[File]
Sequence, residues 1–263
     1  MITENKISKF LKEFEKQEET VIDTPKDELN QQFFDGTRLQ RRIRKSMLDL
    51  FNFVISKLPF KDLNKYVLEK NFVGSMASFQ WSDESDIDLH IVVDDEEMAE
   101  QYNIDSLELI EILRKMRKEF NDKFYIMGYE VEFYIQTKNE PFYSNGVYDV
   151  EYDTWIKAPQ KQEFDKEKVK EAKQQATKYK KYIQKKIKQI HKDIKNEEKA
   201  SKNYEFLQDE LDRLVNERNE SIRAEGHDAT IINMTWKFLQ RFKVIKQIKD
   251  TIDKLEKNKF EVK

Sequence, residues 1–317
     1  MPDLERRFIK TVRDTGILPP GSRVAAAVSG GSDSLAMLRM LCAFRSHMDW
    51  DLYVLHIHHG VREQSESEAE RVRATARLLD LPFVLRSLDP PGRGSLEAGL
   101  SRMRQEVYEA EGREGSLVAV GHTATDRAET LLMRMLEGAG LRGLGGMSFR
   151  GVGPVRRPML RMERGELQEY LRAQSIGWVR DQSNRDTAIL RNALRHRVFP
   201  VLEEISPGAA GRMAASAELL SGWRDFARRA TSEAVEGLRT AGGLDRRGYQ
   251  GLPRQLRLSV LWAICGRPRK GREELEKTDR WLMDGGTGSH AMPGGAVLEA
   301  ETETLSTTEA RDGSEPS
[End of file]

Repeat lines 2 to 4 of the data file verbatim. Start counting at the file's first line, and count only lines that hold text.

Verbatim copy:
     1  MITENKISKF LKEFEKQEET VIDTPKDELN QQFFDGTRLQ RRIRKSMLDL
    51  FNFVISKLPF KDLNKYVLEK NFVGSMASFQ WSDESDIDLH IVVDDEEMAE
   101  QYNIDSLELI EILRKMRKEF NDKFYIMGYE VEFYIQTKNE PFYSNGVYDV